Indonesian opening for Australian mangoes

For fresh fruit and vegetable marketing and distribution in Asia
Matthew Jones

BY MATTHEW JONES

@matt_fruitnet

Indonesian opening for Australian mangoes

Commercial volumes set to enter Asian nation this season, as industry ramps-up focus on exports

Indonesian opening for Australian mangoes

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Indonesia looms as the next Asian frontier for Australia’s mango industry, as the sector builds towards its goal of exporting 20 per cent of the national crop by 2020.

Having signed a new import protocol with the South East Asian nation last year, Australian Mango Industry Association (AMIA) chief executive Robert Gray told ABC Rural that commercial traders would slowly but surely pursue opportunities in the market over the coming years.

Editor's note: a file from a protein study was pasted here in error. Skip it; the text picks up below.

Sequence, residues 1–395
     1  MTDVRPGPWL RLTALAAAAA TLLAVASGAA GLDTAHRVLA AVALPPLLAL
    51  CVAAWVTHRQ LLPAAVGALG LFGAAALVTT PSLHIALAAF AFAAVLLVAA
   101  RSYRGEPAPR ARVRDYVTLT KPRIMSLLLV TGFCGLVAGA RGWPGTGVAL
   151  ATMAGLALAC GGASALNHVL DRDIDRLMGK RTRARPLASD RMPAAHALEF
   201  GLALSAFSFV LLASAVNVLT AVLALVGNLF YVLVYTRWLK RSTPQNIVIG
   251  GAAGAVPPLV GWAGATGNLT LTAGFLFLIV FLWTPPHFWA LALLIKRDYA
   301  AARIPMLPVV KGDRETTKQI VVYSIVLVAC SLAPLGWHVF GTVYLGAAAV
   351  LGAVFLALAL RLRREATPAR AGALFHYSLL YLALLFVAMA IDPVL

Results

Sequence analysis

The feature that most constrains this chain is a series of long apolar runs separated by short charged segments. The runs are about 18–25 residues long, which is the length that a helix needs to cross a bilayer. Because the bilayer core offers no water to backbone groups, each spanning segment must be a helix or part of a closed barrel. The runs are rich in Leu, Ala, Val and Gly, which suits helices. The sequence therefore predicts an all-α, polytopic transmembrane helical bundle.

“Whilst the initial volumes will be small to moderate, we think it's a good investment in our long-term future as an industry," Gray said. "There's no reason why over the next five or 10 years Indonesia can't be up there with markets like New Zealand, Malaysia, Hong Kong or Singapore, as a significant part of our trade.”

Gray said sales programmes for the upcoming season would likely target high-end Indonesian consumers. Sensing an opportunity to service the section of the market, Hong Kong-based Plantations International has incorporated an Indonesian subsidiary to start handling Australian imports. According to a release issued by PR Newswire, the operation will specialise in handling Australian-grown Kensington Pride mangoes, which fill a “strong consumer demand that outstrips current supply levels.”

Gray said marketers would be able to capitalise on the safe, clean and green image of Australian products in the Indonesian market, which has been established by other commodities being traded into the Asian nation. He added that the opening of another market window fitted well with the industry’s growth strategy, which is geared towards boosting exports.

"Developing these export markets gives us a broader spread of customers. It gives us the potential to grow our production without oversupplying our existing markets, particularly our domestic market," Gray said.

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